How to hire a sales rep – entrepreneurship
Jeanne W. Harvey
A serious misunderstanding between a company and a sales representative can be unpleasant and expensive. A sales representative, after all, is often the key link between a company and its customers. Many a business owner has learned the hard way that it is better to spell out the terms of a sales representative’s employment at the beginning rather than when the arrangement ends or, even worse, sours.
To avoid potential pitfalls in hiring a sales rep, here are 10 things you should do when negotiating employment terms with a prospect:
1. Get it in writing. You should always enter into a written agreement at the outset of any relationship with a sales representative. Too often an informal oral arrangement is relied upon, and the relationship sours when expectations are not met. The exercise of negotiating the terms of a written agreement is invaluable in preventing misunderstandings down the road.
In addition, some states require certain types of agreements with sales representatives to be in writing. Penalties can be imposed on businesses that do not have written agreements that contain certain mandatory provisions.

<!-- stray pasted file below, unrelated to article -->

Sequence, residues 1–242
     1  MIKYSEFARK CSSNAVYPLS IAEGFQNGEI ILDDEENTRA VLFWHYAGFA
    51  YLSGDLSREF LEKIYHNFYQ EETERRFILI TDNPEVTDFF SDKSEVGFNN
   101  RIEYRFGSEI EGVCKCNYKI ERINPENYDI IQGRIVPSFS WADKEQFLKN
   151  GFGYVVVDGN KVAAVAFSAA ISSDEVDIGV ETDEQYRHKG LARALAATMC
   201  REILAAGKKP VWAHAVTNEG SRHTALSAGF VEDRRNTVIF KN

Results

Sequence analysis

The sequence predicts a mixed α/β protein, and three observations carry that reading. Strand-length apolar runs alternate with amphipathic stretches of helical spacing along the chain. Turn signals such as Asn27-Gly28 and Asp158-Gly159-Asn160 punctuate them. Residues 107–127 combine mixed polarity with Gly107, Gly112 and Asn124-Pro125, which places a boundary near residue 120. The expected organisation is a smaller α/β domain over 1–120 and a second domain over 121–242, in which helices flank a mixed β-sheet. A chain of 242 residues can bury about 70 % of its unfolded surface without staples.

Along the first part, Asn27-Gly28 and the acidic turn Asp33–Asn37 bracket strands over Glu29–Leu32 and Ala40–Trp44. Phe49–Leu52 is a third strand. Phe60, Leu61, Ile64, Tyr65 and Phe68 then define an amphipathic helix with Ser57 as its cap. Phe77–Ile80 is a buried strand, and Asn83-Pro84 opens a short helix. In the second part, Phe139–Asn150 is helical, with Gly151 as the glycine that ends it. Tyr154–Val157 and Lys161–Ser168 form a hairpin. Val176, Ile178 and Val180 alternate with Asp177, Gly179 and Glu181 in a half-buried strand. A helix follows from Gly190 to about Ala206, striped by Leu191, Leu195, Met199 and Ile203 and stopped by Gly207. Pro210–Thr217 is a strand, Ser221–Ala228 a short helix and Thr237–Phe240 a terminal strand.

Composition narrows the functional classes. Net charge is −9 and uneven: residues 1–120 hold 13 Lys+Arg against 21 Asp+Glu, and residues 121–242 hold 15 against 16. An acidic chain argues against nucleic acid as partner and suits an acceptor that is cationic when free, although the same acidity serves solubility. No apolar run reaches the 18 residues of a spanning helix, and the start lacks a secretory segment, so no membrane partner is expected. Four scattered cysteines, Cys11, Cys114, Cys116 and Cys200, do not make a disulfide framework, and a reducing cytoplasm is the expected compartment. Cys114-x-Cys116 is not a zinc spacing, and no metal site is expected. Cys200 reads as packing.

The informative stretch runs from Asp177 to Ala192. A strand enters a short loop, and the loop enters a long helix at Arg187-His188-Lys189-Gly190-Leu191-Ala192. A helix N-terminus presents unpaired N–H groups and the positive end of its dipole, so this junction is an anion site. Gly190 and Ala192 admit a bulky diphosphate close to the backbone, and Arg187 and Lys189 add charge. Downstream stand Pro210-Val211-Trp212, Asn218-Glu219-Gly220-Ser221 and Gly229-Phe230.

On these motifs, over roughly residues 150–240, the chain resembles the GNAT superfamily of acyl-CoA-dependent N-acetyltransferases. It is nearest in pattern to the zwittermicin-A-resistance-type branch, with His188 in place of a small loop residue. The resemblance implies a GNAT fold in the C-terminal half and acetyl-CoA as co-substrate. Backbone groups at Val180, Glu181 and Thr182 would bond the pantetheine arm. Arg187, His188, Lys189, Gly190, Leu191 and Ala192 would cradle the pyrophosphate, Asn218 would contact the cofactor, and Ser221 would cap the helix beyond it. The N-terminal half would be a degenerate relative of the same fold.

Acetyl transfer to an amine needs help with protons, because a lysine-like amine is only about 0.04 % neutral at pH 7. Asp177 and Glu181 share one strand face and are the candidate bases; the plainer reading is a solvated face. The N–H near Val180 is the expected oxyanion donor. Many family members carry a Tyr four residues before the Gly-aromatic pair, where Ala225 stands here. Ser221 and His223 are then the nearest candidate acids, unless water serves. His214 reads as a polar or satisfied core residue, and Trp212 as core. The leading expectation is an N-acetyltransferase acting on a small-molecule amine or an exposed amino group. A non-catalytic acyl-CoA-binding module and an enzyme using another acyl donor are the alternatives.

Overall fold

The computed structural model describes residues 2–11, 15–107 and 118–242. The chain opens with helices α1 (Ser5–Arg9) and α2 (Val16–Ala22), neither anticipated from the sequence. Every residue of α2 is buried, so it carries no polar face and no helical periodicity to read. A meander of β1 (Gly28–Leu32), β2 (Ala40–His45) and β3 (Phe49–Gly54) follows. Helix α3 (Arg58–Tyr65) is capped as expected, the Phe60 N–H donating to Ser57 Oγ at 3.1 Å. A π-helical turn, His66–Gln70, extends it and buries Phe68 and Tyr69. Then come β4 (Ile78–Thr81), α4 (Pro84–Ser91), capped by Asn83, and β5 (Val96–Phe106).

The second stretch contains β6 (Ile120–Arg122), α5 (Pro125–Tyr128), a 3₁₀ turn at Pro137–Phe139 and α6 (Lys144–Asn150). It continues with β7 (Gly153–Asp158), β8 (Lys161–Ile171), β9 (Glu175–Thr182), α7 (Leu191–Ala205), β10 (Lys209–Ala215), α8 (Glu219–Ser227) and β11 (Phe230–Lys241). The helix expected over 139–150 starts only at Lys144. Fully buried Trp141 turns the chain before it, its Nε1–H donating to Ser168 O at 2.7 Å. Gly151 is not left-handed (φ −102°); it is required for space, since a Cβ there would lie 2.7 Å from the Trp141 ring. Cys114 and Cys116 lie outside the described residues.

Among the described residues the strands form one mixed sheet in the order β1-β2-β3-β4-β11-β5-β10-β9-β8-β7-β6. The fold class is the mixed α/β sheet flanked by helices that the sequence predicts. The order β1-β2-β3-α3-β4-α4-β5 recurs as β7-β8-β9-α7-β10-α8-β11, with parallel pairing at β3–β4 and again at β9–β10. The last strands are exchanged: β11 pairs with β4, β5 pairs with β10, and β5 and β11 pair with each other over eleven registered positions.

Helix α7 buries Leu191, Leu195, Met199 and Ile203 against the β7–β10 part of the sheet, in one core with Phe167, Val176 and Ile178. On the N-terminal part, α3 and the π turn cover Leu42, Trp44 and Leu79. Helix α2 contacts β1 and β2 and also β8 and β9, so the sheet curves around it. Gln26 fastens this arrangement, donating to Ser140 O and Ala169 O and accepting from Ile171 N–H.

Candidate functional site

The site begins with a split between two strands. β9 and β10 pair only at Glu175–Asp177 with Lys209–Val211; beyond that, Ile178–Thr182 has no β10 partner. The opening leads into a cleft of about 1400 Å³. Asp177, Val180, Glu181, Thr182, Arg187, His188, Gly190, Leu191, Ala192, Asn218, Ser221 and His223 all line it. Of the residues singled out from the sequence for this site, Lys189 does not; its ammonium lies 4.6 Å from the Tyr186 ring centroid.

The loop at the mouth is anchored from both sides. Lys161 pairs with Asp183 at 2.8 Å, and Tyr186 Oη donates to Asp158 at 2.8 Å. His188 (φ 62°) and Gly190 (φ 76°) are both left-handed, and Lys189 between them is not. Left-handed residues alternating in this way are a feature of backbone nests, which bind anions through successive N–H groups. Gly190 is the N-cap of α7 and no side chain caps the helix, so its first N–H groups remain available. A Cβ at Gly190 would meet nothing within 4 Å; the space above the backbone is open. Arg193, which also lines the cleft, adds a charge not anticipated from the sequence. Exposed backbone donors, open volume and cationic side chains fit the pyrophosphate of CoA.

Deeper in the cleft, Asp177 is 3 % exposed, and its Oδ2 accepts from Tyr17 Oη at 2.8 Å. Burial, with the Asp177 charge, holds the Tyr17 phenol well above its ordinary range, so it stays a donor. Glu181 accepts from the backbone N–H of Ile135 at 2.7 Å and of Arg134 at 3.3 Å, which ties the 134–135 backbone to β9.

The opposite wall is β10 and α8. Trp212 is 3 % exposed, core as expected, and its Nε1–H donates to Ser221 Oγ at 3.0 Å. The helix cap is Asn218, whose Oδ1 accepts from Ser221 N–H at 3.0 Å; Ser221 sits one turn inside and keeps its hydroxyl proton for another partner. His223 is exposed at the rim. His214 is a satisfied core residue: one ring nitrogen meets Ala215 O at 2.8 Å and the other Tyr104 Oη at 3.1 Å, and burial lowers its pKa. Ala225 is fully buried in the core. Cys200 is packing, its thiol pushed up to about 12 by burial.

2. Define the product. Attach an exhibit to your agreement listing the specific products that the representative is to promote and sell. Defining products may seem obvious if you have only one or two. If you have or if you develop additional products, however, you need to decide which sales representative will represent which products.
You may want to use a different sales representative if your business expands or changes.
3. Define the territory. Another key term that needs to be defined is the territory within which the representative can solicit orders. Such territories can be as expansive as the globe or as narrow as specified counties or cities. Again, the key is to be as specific as possible to prevent future disagreements.
4. Decide about exclusivity. You must decide if your sales representative should have the exclusive opportunity to market your product in a territory.
Generally, a supplier of a product would prefer to have a number of nonexclusive sales representatives to increase the chance of sales. Some established sales representatives, however, would only accept exclusives. They argue that they have developed contacts in the marketplace that would benefit the supplier and that they should not be undercut by other sales representatives working in the same territory.
You will have to negotiate exclusivity with each sales representative.
5. Calculate commissions. The most common source of contention between businesses and their sales representatives is commissions. It is important that you describe as specifically as possible the methods for calculating and paying commissions. There is no one correct way to calculate commissions. For example, you can base the commission on a percentage of the “net selling price.” This is often defined as the net price received by your company after certain deductions. These include shipping costs, trade and cash discounts, adjustments resulting from delivery of defective or unacceptable merchandise, refunds, returns, allowances, manufacturer-borne installation costs, and any state, federal, and local taxes that have been added.